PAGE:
Dutch billionaire John de Mol is said to be the mysterious financier backing up Spyker's renewed bid for GM's Saab.
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A Dutch billionaire is behind Dutch sportscar maker Spyker's last-ditch bid to buy ailing Swedish carmaker Saab from US automaker General Motors, Swedish and international media sourced said.
The Dutch business daily Het Financieele Dagblad writes that the mysterious financier is 54-year-old Dutch media tycoon John de Mol. He has clear connections with Spyker as his investment company Talpa previously owned one-third of the sports-car maker.
John de Mol also has the financial muscles needed to finance the acquisition. He has created a fortune with the production company Endemol, that he owns together with Italy’s prime minister Silvio Berlusconis’s company Mediasat. His private equity fund also owns significant shares of football team Manchester United and telecommunications company Versatel. In 2005, Forbes magazine named him as one of the 500 richest people in the world.
However, Dutch newspaper De Telegraaf writes that 50-year-old Marcel Boekhoorn, who bought a 5.7 percent stake in Spyker in 2007, may be the man backing up the deal as he has been in several meetings with the Spyker management recently. Marcel Boekhoorn denies the rumor as "made up".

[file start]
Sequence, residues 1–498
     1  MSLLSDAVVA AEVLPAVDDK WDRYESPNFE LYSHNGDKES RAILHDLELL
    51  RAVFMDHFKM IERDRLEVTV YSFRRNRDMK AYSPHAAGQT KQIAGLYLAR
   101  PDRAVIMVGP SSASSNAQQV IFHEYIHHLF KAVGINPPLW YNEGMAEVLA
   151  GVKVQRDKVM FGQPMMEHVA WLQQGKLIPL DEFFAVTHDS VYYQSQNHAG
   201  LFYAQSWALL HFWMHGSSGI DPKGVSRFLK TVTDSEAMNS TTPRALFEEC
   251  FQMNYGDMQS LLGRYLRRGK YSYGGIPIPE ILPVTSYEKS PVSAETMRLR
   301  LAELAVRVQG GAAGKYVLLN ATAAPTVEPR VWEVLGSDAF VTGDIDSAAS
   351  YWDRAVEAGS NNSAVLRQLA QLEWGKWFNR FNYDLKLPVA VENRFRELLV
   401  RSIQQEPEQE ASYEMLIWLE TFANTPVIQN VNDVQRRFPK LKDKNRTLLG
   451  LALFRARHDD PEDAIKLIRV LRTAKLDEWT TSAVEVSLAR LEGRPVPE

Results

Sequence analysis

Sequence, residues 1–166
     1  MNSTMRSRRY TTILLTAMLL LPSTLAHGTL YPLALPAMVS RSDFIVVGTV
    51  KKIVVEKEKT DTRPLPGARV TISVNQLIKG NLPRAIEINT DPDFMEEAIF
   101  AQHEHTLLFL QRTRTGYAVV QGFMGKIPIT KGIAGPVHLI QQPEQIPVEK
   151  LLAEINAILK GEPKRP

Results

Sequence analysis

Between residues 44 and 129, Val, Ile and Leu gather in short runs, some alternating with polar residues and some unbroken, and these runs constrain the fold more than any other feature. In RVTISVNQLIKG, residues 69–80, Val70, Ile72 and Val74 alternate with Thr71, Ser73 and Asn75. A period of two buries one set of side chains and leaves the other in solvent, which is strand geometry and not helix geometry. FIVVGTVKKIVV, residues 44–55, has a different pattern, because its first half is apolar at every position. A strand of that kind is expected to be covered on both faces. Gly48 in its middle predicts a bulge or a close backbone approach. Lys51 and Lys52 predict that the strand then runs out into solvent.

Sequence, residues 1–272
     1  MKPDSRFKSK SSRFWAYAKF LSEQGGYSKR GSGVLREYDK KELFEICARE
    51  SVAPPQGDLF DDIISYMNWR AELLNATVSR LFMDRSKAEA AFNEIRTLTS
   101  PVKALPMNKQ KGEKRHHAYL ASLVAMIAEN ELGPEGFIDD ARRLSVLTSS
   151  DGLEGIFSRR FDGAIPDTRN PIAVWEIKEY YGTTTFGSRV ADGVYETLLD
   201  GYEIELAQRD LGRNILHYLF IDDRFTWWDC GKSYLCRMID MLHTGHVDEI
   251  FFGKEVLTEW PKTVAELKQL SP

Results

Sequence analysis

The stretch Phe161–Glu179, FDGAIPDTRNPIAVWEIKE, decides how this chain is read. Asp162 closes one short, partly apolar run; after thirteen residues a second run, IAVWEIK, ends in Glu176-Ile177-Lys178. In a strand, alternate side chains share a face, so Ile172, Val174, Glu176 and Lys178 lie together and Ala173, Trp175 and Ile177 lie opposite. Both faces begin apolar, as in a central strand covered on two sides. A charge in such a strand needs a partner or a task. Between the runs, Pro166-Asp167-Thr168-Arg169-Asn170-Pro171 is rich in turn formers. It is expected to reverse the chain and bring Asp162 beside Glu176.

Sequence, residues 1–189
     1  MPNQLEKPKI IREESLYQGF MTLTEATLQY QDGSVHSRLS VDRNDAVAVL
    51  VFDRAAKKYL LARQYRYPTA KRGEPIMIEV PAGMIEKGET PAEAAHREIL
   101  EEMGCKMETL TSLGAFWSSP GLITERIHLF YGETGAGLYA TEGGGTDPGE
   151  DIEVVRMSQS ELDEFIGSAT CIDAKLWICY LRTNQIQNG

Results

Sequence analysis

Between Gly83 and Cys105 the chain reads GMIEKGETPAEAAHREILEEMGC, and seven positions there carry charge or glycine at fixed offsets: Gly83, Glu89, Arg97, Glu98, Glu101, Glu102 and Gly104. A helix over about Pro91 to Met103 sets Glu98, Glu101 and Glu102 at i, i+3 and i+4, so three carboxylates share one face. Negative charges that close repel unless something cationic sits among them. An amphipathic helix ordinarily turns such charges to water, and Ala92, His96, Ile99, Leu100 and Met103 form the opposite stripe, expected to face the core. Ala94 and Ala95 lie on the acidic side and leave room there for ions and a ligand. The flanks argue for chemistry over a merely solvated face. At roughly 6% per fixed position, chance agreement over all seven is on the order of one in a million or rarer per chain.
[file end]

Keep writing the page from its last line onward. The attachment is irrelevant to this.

Spyker renewed its bid for loss-making Saab on Sunday, two days after GM broke off talks with the Dutch group and said it would begin winding down the iconic Swedish brand.
Representatives from GM and Spyker held fresh talks on Spyker's new bid on Monday in Stockholm.
Swedish press reports have suggested that one of the main reasons GM agreed to resume the talks was that the Dutch group had addressed GM's hesitations over Spyker's Russian investors.
Svenska Dagbladet reported Monday that Spyker's main investors with a 29.3 percent stake in the company, Vladimir and Alexander Antonov, were no longer behind the Dutch group's bid for Saab.
And on Tuesday, the paper said Spyker's second-biggest investor, Abu Dhabi state investment fund Mubadala Development, which owns 22.7 percent of Spyker, was not involved in the bid for Saab either.
The paper also said GM had also been concerned about letting technical know-how go to Russia.
"The risks involved with letting Saab's technical know-how go to Russia also played a role," it said.
GM has refused to comment on Spyker's renewed bid.
The Dutch group announced late Monday that it was extending its offer for Saab, initially valid until Monday at 2200 GMT, "until further notice."
Swedish media have previously reported that one of the main changes in Spyker's renewed bid is that it has said it does not need a European Investment Bank loan before the end of the year in order to pursue its bid.
GM has said it wants to sell Saab before the end of the year.
Last Updated (Tuesday, 22 December 2009 16:11)